Well, the Eye is his chief helper, okay. The Eye is his, maybe not soul, but at least his spiritual perfection. Yes, that sounds about right. And then the Cloak is his…

    What?

    His spiritual perfection too, obviously. But a passive expression of his spiritual perfection, as the Eye is an active one. Still, passivity covers a lot..

    I mean, even the Aged Genghis can levitate, crazy as he is…

    But, maybe levitation isn’t so easy?

    Or maybe “levitation” says more than it seems to.

    Well, it is magic

  3. Let’s first establish that Dr. Strange exists, from a genre point of view, in the border area between ‘superheroes’ and ‘fantasy’. That’s fair, right?

    But really, the superhero genre is mostly just a subset of the fantasy genre. Where it differs from other stuff in the fantasy genre has to do with a) it’s modern-day setting, b) the typical activities of its protagonists and c) its most commonly used conventions and themes. Where it doesn’t differ is in what’s possible. Sure, sometimes there’s a bit of a science-fiction flavour to the goings-on in your superhero comics, but it’s mostly window-dressing. It’s mostly (not always!) just magic with a scientific mask on, like Jerry Siegel and Jack Kirby took the regular universe and beat the hell out of it with Clarke’s Law. What I’m saying is, superhero-comics science might as well be magic.

    And, in this light, all the stuff you’re speculating about about what the Cloak can do is just making the Cloak remind me more and more of a Legion flight ring, which has had similar capabilities in recent years.

    But when we’re talking about the Cloak this way, we don’t want to fall into the fanboy trap of just coming up with a shinier toy for Dr. Strange to play with as he roasts demons or whatever. Because the mistake too many fantasy authors and Dungeon Masters make when it comes to magic is that they make it too understandable. Predictable. Quantifiable. Superhero-comic science.

    Magic ought to be a) weird, b) eerie, c) disturbing and d) ineffable. Even the Sorceror Supreme ought to have only a partial handle on it.

    You know better than I do (because I hardly know at all) just how Dr. Strange and the Cloak have actually been portrayed; for all I know your analysis is a perfect one. And I’m not sure what I’m really trying to get at here. Maybe it’s this: if Marvel has done what I would consider to be a good job (as per my criteria one paragraph up) of writing Dr. Strange and magic and the Cloak, then no analysis of just what the Cloak is and does will ever really be satisfactory, because it’s magic and therefore you can’t quite pin it down.

  4. That’s a good point, about it being weird and hard to grasp. It would be kind of crazy and creepy if the cloak would protect him in a vacuum, but he didn’t know that it would, and if it happened then he wouldn’t know if he could necessarily get it to do that again…

  5. I couldn’t agree with you more about magic needing to be magical, Matthew…and it’s always a great disappointment to me to read something where it’s not. Tolkien springs to mind with this for sure: one of the things about his world-creation that I think usually gets overlooked is that magical power is also natural power — not that magical power stems from its connection to “Mother Nature”, necessarily, but that the elves are intrinsically Elvish, the dwarves are intrinsically Dwarvish, and so on and so forth, and that means something. Middle-Earth is just plain not rationalizable according to (ugh) Clarke’s Law — it just doesn’t work: how come Feanor can’t just make some more Silmarils? Has he forgotten how to do it? Did he not write down his process? Clearly not; clearly his knowledge is not that sort of knowledge, and his “skill” isn’t teachable in the ordinary way. Same with the “skill” used to make the Rings of Power: Sauron “instructs” the Elf-smiths, but in what, exactly? Is the relationship of the Rings of Power to the One Ring really analogizable to power circuits and computer programming, just building stuff in? I’d suggest not, if only because very little else in Tolkien’s world works that way either. Innateness is everything, and qualities themselves create their own paralogical force. When they feel like it: the Elves “wake up” the trees by talking to them, but do they all wake up? No, they don’t: it’s a one time deal. Glorfindel fights off the Black Riders by being Elder and ethereal and Good, but what does that mean? Clearly, it doesn’t mean anything…unless you buy it. Tom Bombadil is simply impossible, and can’t be explained; Aragorn can lay hands on people and heal them because he is the True King, emphasis on true…but where does this “true” stuff come from, in the first place, and why should it matter? I could go on. The elves of Mirkwood that Bilbo encounters appear and then disappear…but how? By being elvish, is how. By being magical. True, there’s some logical through-lines in Tolkien: particularly in the Silmarillion, where we’re repeatedly told from whence power arises. But if the through-lines are there, they’re still only going through all the other stuff that doesn’t answer so well to logic, which is what Tolkien’s High Fantasy successors mostly missed, by treating magic as a mere instrumentality.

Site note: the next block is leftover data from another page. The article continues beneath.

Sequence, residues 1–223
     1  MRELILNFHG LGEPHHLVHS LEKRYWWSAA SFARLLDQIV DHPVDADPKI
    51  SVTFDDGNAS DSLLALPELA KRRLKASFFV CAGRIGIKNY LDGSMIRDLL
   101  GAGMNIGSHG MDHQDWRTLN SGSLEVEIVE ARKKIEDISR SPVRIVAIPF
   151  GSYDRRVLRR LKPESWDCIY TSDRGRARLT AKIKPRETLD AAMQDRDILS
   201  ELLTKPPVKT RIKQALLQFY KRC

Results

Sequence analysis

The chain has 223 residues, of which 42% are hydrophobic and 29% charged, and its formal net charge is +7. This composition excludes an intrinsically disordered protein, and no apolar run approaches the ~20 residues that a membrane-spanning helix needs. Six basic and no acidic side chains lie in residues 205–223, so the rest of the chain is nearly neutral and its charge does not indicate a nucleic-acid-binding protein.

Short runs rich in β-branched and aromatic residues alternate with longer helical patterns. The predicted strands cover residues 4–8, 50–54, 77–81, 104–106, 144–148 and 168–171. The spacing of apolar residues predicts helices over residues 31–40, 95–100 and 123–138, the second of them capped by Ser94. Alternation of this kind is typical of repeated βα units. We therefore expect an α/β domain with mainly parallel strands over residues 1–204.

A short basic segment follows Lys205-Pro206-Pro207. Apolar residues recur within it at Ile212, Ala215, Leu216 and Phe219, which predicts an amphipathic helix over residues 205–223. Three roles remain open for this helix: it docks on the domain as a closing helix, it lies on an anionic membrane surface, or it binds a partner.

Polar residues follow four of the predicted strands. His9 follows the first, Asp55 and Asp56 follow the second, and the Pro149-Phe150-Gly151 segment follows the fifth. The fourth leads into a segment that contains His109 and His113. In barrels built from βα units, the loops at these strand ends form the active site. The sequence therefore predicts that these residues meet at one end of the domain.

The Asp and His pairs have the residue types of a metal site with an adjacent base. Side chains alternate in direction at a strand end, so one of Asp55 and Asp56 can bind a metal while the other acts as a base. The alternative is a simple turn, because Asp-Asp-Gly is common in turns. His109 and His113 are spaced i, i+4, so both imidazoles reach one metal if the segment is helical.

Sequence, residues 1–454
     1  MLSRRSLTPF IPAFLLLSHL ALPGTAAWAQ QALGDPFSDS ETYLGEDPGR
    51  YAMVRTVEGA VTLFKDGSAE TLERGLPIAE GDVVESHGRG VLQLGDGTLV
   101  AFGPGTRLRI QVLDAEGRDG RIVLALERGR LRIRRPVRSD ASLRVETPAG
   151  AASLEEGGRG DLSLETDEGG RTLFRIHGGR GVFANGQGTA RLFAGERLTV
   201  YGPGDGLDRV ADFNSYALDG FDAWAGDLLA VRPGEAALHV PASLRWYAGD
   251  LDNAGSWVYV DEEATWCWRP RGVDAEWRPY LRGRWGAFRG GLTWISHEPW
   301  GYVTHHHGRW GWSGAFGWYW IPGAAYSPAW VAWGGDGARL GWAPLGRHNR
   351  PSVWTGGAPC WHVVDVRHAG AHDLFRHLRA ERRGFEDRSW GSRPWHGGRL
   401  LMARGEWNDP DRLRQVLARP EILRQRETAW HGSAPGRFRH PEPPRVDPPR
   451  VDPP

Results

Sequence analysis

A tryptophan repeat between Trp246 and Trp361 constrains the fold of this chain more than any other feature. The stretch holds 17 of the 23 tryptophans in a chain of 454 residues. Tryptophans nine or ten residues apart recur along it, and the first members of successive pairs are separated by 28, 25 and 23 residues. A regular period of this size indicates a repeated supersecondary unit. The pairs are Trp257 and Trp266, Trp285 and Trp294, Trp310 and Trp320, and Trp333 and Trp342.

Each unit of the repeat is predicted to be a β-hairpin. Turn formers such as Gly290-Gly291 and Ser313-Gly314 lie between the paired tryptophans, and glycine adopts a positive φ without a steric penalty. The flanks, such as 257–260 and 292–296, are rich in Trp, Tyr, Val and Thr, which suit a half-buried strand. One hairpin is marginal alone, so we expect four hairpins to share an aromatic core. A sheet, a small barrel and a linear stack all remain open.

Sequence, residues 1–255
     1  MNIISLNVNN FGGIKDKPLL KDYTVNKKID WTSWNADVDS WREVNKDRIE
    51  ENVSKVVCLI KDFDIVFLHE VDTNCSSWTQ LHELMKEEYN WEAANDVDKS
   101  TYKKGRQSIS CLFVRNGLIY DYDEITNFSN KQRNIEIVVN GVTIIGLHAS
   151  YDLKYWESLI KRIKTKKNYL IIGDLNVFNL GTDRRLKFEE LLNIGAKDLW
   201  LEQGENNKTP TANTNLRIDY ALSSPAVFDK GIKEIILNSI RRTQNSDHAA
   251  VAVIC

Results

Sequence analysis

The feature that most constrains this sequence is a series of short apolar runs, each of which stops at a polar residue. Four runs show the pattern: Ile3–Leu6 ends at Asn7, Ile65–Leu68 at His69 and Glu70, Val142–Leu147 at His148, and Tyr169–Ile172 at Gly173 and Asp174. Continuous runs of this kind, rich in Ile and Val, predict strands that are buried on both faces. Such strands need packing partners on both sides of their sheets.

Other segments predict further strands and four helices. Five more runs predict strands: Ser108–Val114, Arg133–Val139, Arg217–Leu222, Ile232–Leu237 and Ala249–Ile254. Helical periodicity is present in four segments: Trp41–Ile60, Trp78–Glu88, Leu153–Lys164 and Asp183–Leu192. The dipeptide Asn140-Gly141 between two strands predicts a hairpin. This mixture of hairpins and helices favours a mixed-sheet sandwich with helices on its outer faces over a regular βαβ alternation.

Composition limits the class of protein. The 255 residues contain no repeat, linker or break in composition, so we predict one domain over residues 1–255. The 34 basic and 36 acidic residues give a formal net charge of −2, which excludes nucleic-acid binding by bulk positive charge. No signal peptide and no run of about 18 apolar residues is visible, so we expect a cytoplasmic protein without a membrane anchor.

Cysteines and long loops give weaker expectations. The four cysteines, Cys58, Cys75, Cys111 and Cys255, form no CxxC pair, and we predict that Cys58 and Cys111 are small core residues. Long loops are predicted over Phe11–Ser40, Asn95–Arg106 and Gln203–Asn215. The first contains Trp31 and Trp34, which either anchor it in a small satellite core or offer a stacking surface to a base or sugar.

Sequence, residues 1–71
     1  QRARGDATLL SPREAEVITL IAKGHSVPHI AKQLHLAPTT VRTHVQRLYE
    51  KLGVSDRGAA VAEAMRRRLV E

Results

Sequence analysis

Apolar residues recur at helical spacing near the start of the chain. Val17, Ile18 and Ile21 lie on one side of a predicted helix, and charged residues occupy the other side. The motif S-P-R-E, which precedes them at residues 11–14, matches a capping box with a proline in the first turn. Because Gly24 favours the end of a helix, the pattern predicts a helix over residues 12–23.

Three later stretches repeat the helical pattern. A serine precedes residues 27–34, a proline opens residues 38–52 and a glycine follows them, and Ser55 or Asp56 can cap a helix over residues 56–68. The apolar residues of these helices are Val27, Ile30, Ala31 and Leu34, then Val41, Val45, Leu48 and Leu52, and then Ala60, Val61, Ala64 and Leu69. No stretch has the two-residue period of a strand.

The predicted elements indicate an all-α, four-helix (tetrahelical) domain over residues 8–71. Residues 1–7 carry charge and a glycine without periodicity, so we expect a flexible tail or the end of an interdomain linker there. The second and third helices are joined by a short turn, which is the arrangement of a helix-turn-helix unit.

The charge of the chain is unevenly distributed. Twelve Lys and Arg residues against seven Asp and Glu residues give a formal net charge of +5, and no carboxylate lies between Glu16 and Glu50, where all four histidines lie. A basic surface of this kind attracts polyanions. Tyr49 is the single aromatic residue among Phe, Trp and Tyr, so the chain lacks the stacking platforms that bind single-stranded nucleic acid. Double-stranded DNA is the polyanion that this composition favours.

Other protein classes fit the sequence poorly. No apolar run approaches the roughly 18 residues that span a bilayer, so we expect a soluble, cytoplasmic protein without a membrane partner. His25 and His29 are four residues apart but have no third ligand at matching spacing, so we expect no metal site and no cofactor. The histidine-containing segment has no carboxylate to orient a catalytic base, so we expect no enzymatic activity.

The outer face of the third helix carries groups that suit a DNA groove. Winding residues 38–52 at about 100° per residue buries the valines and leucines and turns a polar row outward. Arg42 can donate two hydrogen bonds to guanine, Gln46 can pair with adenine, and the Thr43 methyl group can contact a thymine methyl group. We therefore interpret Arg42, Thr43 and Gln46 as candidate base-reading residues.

I’ve actually got a whole thing on this, somewhere around here…

    Comic books do partake of that, even when they’re not expressly “magical”. Just look at the Silver Age Superman and his special vulnerability to magic: like the absolute, unquestionable indestructibility/efficacy of Kryptonian super-this-and-that (super-perfume, super-hypnosis, super-shoe leather), it doesn’t make sense. For a while there, you could beat Superman silly with a feather-duster, so long as it was a magic feather-duster, because he’s vulnerable to magic

    But, what is magic?

    Well, for that matter, what is “super-ness”? What is “invulnerability”?

    Well, magic, as you say, but also not-magic at the same time. This is an ingredient of the superhero that’s probably essential: over at Marvel, they had the same sort of thing going on, only instead of calling it super-ness they called it “mutant energy” instead. And yes, sometimes it gets pretty silly. But the silliest it gets is when it accretes too much rationale to itself. What is “mutant energy”? We’re actually much better off not knowing…